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My Daily Musings


N reached out to me because he wanted to continue to grow in his well-established tech career. He worked for a prestigious Bay Area tech company and wanted to get promoted to the next level.

Our work immediately started off in a problem-solving fashion: during our calls, N would create a detailed table to analyze his projects and identify practical steps to advance his career. Many people can indeed benefit from simply being more intentional — nothing wrong with that. At the same time, I did feel a bit insecure because I wasn’t sure if this format would allow N and I to form a real relationship and deepen the conversation.

N’s disappointment

After several weeks, N was less enthusiastic about planning his next steps at work. He shared that while his work was giving him much of what he needed, it often did not fulfill his needs for intellectual stimulation and creativity. Hence, he wanted to work on some personal projects to fill that gap. Thus, our conversations focused on different projects but kept the same format as before.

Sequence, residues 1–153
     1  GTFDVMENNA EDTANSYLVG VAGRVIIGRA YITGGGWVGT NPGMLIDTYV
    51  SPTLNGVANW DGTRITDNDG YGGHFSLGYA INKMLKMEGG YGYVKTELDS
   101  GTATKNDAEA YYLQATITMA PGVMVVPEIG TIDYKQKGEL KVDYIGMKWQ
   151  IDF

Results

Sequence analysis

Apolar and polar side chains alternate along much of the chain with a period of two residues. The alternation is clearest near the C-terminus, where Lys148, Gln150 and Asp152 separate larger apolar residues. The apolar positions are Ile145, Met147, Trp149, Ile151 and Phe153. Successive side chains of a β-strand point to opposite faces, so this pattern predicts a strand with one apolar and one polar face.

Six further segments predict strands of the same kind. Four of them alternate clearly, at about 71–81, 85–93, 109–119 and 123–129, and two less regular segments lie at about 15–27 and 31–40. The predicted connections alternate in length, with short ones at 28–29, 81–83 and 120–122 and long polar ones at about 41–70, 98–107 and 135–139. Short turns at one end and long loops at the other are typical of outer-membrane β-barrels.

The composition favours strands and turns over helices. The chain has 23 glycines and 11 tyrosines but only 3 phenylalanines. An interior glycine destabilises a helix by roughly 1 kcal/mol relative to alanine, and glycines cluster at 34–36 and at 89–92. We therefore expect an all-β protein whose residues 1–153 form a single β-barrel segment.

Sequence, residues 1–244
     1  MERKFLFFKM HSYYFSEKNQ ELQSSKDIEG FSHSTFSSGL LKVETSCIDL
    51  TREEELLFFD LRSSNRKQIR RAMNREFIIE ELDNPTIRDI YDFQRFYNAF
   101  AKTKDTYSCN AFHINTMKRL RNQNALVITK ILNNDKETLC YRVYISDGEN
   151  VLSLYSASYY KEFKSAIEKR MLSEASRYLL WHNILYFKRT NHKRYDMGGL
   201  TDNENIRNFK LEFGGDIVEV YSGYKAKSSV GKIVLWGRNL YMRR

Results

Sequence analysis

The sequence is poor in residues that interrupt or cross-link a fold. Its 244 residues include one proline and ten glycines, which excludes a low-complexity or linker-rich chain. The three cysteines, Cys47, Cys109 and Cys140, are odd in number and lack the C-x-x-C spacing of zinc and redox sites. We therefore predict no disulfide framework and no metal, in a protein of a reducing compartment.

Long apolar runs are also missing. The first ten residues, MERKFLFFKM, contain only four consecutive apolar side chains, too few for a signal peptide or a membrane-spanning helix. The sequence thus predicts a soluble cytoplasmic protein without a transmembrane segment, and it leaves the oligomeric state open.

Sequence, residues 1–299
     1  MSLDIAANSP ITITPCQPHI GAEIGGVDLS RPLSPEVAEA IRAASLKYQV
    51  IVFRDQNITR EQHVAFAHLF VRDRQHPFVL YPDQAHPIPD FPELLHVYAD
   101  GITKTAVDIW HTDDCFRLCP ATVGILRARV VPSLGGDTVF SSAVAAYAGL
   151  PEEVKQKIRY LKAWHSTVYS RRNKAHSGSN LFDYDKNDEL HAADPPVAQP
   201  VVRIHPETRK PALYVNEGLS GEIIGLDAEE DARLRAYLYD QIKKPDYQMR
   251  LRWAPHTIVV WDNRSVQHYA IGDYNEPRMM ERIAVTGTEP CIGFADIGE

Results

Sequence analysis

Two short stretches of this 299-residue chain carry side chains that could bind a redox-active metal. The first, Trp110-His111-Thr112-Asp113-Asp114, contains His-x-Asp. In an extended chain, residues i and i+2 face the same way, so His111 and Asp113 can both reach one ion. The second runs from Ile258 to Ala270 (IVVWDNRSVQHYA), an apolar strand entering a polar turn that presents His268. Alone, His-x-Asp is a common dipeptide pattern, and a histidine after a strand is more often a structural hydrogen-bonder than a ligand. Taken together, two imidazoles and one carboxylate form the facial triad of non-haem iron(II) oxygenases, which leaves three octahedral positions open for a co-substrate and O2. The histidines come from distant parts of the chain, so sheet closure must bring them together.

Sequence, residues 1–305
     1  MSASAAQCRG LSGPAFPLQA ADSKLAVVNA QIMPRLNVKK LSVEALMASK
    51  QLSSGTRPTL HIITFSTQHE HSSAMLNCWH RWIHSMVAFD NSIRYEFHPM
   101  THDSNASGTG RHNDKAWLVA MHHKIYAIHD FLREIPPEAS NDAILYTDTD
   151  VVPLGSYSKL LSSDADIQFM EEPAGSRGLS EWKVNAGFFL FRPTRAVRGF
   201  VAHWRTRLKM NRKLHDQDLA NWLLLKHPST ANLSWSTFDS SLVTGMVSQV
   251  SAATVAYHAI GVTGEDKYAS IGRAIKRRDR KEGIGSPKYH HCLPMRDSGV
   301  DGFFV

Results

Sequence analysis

However, a few weeks later, N was frustrated: neither work nor his personal projects were giving him energy at the moment, and he did not feel like he was making progress. He wondered if coaching was even working: he had hoped that a coach would hold him accountable and help him be more persistent in his interests, but that was not happening.

Of course, I was curious about N’s expectations: why did he want me to push him to do things he didn’t feel like doing?

N found it hard to commit to one interest for a long time. He felt that his interests were too fleeting. As an example, he mentioned how he decided not to build a career in philosophy, which he had studied in college, and pivoted to technology. And now, he continued, he couldn’t stick with one project long enough. These tendencies (which some would find quite normal) led N to question whether he was dysfunctional in some way. Although he had a successful career, a thriving social life, and a happy marriage, he saw the fleetingness of his interests as a problem.

Every time he lost interest in something, he disappointed himself. Perhaps that disappointment now transferred to me. I did not fulfill N’s expectations of himself.

Working through